If in step 206 it is determined that the requested data is not present and valid in the reserved memory area, control transfers to step 210, wherein the disk device driver instructs the system processor 20 to build disk specific commands to perform the required READ operations from the data disk and the transfer of the parity information associated with this data from the parity disk. It is noted that if the operation is for a full stripe, the parity need not necessarily be obtained. The parity data for the stripe can be readily generated from the data, so space in the reserved memory area may be utilized for storage of additional data. However, this alternative may complicate the cache control portion of the software in some instances and it may be desirable to always retrieve the parity information with the data.

The system processor 20 executes the data READ command, reading the requested data from the data disk and transferring the data to system memory 58. A copy of the requested data is also transferred to the reserved memory area with its address acting as a cache tag and the appropriate coherency bits are set to valid. Control transfers to step 212, wherein the device driver instructs the system processor 20 to generate a READ parity command for the parity disk sectors associated with the data disk sectors read. The system processor 20 executes the READ parity command and a copy of the parity information associated with the data is stored in the reserved memory area, again with its respective address acting as a cache tag and the appropriate coherency bits set to valid. Control transfers to step 214, wherein the disk device driver signals READ complete, thereby freeing the system processor 20 to return to the application program. Control transfers to step 216, which completes the READ cycle, with the application program continuing operation.

It is also contemplated that a disk array 112 having a local processor 130 would perform the steps set forth in FIG. 5 in a similar manner. The device driver running on the system processor 20 would first determine if the requested data and associated parity information are present and valid in the reserved memory area. If the requested data and its associated parity information are present and valid in the reserved memory area, the requested data would be read from the reserved memory area, as a memory to memory transfer and the disk driver would signal complete.

If the requested data and its associated parity are not present and valid in the reserved memory area, the system processor 20 would issue a high level READ command as a command list. The local processor 130 would receive the disk commands via the CPC 164 or the BMIC 142 and the transfer controller 144. The device driver would then wait until a READ complete signal is issued by the disk array 112. The local processor 130 would build disk specific READ commands to read the data and its associated parity information which are queued for execution by the local processor 130. The READ commands are executed by the local processor 130 and the data requested by the device driver is transferred to a specific address in memory 58. Further, the READ commands cause the local processor 130 to also transfer a copy of the data and its associated parity information to the reserved memory area, again with their respective addresses acting as cache tags and the appropriate coherency bits set to valid. The local processor 130 would then signal a READ complete freeing the system processor 20 to continue running the application program.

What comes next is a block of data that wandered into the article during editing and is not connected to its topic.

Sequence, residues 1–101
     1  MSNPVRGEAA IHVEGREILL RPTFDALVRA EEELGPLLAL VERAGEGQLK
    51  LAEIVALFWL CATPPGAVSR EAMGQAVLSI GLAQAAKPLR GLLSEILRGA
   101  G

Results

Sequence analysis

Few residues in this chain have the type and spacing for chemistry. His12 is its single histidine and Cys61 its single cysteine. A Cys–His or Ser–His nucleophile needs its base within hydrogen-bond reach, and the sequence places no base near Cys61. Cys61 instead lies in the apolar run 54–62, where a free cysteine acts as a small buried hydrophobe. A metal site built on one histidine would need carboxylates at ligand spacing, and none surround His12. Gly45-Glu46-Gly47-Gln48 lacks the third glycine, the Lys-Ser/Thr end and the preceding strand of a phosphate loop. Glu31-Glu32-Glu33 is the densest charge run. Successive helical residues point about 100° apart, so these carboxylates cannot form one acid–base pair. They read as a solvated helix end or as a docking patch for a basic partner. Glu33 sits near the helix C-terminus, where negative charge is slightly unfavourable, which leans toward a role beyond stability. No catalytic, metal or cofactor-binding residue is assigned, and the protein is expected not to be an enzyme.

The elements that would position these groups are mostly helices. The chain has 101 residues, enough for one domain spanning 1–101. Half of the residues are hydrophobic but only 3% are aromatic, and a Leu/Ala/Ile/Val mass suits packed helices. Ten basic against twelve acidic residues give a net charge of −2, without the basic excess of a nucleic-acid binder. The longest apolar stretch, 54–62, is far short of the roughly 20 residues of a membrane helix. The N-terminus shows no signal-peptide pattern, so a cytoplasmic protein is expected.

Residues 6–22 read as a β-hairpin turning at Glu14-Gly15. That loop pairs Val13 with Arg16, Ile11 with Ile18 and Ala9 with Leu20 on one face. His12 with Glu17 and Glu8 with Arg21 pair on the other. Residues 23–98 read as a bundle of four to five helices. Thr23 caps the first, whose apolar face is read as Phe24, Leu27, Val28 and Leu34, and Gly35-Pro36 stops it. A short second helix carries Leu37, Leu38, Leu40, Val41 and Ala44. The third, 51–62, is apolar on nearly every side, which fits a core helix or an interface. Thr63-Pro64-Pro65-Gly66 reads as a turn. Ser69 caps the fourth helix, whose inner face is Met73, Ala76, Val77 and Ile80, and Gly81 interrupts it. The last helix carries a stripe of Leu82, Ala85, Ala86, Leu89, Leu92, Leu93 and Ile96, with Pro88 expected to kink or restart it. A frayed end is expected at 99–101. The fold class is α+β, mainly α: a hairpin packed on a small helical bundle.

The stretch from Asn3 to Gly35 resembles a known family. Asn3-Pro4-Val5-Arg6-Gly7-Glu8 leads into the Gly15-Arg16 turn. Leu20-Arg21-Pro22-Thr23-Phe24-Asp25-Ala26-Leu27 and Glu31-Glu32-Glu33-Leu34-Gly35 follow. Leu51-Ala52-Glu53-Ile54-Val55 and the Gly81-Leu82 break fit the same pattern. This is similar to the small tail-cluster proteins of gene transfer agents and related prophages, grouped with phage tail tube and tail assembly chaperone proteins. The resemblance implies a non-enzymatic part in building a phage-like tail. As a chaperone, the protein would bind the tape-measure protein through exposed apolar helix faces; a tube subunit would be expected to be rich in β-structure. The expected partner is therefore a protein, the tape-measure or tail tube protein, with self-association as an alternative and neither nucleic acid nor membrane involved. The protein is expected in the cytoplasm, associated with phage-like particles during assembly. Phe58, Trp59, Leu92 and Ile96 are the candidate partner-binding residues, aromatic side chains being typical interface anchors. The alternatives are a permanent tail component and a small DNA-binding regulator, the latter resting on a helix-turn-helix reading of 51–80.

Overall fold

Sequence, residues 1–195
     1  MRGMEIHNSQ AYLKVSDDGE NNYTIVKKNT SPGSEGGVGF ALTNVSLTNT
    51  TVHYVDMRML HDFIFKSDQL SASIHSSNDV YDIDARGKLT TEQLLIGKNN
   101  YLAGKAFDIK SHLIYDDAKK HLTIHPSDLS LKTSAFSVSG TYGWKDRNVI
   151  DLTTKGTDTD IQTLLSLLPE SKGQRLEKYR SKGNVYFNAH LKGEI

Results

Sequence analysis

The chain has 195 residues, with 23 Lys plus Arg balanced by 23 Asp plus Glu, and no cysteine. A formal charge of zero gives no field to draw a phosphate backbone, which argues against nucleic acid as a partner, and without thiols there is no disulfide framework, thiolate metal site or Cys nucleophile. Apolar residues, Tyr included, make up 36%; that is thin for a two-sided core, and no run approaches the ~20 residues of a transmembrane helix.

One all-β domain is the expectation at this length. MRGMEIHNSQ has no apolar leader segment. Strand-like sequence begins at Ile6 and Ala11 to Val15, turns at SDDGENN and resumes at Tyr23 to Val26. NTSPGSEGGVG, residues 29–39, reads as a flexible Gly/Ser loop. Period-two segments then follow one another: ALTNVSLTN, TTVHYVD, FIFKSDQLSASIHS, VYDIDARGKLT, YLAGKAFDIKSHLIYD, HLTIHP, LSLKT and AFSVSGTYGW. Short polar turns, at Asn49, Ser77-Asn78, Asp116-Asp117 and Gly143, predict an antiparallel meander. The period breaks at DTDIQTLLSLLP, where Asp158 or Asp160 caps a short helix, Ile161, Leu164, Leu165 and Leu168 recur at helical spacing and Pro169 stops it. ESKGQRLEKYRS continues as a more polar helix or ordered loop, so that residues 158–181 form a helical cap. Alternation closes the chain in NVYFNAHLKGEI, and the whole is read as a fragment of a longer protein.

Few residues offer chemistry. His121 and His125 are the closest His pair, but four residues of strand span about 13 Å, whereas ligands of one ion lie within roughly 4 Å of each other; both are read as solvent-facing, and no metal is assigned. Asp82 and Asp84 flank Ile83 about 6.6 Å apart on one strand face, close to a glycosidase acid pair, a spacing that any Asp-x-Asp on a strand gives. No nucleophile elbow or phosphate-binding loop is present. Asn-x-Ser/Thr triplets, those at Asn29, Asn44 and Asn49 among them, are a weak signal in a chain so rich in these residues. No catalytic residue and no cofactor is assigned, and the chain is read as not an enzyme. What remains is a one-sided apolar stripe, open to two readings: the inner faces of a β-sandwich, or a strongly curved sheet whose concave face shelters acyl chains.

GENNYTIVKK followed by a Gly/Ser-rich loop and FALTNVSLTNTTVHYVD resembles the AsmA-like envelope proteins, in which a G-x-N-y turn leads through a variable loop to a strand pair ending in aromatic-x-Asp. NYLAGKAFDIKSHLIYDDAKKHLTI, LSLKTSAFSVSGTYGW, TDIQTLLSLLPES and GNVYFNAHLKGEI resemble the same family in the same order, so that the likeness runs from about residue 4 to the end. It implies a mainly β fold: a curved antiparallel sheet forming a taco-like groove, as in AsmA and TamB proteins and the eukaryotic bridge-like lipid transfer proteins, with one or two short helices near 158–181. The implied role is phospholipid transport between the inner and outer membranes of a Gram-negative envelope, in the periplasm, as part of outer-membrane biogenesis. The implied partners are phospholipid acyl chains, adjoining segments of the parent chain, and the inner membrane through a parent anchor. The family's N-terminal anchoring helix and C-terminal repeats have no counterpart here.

FIG. 6 is a flow diagram of the method of performing a WRITE operation for a generic computer not having an intelligent disk array controller. A WRITE operation begins at step 220. Control of the system processor 20 is transferred to step 222 where the system processor 20 is operating in an application program and generates a WRITE command to the disk device driver. As in FIG. 5, the disk device driver software assumes control of the system processor 20. Control transfers to step 223, wherein the device driver determines whether at least a full stripe is being written to the disk array. If in step 223 it is determined that a full stripe is being written, control transfers to step 225. In step 225 the device driver causes the processor 20 to generate the parity information from all the full data stripe WRITE operations. Control then transfers to step 227, wherein the processor 20 writes the parity information and the data to the reserved memory area and writes the information to disk. If only partial stripe parity information caching is being utilized, the new parity information is not written to the reserved memory area, only to the disk array. Control thereafter transfers to step 232.